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Spanish Horsemen and Horses in the New World

Spanish Horsemen and Horses in the New World

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by Janice M. Ladendorf

Regardless of the profession, art, or craft, we all stand on the shoulders of those who have gone before. Innovations depend on both inspiration and available technology. Cattle have been domesticated for 12,000 years and horses for at least 6,000 years. Step by step, humans have learned more about how to handle, breed, and utilize these animals.

For thousands of years, several types of horses had existed in Iberia. When they were domesticated, selective breeding improved their quality. In classical times, the Iberian cavalry was famous both for their skills and for exceptional horses. During their long battle to eject the Moors from their country, the Spanish improved their horses even more and began using them to handle cattle. Their horses were exceptionally tough, agile, brave, and responsive to their riders.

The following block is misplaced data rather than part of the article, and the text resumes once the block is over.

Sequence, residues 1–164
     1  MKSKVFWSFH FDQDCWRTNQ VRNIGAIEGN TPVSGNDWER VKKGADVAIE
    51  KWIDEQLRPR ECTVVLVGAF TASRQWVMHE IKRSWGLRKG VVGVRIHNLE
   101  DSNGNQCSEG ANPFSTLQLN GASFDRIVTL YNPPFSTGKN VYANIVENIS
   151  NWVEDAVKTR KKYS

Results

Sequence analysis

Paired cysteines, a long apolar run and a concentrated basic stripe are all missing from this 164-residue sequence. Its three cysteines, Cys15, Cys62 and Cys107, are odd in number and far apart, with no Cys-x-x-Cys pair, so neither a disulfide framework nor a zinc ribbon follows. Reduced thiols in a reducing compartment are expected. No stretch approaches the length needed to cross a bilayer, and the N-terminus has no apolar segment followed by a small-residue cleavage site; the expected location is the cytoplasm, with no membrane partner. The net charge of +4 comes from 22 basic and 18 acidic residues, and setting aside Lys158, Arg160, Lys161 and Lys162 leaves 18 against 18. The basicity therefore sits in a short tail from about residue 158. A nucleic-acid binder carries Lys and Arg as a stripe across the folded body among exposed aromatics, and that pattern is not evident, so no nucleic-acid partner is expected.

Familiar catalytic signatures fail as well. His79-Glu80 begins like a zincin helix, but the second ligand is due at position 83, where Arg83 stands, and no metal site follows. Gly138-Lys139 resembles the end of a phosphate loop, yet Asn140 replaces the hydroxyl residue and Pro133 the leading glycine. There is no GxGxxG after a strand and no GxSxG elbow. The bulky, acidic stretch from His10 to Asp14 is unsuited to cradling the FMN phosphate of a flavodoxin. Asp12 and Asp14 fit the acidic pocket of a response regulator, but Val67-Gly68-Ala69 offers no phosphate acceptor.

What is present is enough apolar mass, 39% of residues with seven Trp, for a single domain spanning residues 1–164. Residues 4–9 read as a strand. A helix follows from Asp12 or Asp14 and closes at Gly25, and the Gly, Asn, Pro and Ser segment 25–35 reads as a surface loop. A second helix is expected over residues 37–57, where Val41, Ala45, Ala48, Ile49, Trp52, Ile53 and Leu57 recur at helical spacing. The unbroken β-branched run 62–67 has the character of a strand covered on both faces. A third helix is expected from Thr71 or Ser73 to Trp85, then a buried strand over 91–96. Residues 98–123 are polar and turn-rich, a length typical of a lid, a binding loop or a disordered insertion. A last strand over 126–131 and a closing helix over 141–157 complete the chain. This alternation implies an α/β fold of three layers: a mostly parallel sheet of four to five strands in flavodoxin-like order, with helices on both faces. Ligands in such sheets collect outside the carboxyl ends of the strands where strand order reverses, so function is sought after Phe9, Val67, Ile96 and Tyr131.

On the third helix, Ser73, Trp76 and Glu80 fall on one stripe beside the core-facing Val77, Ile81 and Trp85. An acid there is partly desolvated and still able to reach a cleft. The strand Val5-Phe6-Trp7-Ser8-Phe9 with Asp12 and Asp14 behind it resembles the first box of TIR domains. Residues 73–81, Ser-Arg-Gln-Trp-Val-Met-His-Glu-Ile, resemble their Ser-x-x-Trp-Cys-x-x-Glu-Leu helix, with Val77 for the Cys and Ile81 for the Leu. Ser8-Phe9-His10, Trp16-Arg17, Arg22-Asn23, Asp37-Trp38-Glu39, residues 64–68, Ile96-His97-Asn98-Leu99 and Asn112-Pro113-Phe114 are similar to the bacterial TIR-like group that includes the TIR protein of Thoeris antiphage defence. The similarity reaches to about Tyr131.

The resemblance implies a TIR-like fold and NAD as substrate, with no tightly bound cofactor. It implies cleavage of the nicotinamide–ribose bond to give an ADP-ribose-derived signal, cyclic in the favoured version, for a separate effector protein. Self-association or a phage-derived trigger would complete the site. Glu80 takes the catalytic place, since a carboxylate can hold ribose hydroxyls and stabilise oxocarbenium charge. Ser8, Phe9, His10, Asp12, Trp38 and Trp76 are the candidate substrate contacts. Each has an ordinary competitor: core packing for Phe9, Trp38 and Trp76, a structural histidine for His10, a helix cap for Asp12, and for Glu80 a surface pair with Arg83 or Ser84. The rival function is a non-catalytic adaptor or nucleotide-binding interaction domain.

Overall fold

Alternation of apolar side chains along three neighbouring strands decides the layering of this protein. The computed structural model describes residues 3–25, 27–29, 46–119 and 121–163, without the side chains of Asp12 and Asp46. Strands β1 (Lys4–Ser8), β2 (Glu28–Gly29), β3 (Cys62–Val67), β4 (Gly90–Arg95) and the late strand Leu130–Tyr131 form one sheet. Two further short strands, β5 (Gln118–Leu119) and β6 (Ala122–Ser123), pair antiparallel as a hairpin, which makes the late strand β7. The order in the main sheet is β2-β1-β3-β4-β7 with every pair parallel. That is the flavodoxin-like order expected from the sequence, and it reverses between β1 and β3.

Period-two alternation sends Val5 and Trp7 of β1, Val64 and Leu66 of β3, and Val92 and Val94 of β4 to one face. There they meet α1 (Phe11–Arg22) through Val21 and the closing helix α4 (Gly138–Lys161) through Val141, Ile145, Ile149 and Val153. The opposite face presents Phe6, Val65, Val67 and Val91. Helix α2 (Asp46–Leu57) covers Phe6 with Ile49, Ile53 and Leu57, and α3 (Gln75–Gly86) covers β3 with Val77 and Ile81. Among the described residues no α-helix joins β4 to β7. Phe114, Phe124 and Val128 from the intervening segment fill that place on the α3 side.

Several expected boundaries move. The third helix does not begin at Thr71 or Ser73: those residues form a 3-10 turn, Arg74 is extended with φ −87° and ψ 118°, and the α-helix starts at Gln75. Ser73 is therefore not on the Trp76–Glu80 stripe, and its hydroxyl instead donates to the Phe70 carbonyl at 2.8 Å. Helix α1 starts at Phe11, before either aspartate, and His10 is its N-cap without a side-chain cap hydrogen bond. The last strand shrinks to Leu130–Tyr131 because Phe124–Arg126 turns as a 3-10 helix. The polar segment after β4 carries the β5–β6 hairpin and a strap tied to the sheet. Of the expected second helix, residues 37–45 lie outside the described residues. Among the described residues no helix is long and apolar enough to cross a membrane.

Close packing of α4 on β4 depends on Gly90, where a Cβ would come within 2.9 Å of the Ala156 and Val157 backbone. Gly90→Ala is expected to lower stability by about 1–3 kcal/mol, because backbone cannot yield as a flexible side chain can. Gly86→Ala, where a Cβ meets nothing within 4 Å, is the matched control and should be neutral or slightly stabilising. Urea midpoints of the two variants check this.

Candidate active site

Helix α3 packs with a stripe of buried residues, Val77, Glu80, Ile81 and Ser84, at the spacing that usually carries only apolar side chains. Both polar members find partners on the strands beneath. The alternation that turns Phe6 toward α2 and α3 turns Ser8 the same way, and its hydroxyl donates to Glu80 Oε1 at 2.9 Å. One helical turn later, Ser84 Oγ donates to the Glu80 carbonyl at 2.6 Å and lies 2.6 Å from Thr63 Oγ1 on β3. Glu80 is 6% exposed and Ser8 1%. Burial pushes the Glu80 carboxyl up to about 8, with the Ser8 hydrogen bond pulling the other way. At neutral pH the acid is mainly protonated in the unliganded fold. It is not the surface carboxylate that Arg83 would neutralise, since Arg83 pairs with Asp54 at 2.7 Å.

What types or breeds of cattle and horses, did the Conquistadors eventually bring from Spain to the New World? What did they do to adapt their equipment and techniques to meet the new conditions they found in the lands they conquered? What role did the vaqueros play in the development of western horsemanship?

Selective breeding of horses began early on the Caribbean Islands and soon spread to both North and South America. Horses were bred for war, games, herding cattle, endurance, parades, and ambling gaits. How did selective shipping and breeding create so many new breeds throughout the Americas? Who were the ancestors of the horses the vaqueros actually rode? What role did the mustangs play in creating horses with exceptional endurance?

Paperback: 204 pages
Size: 6 x 9 inches

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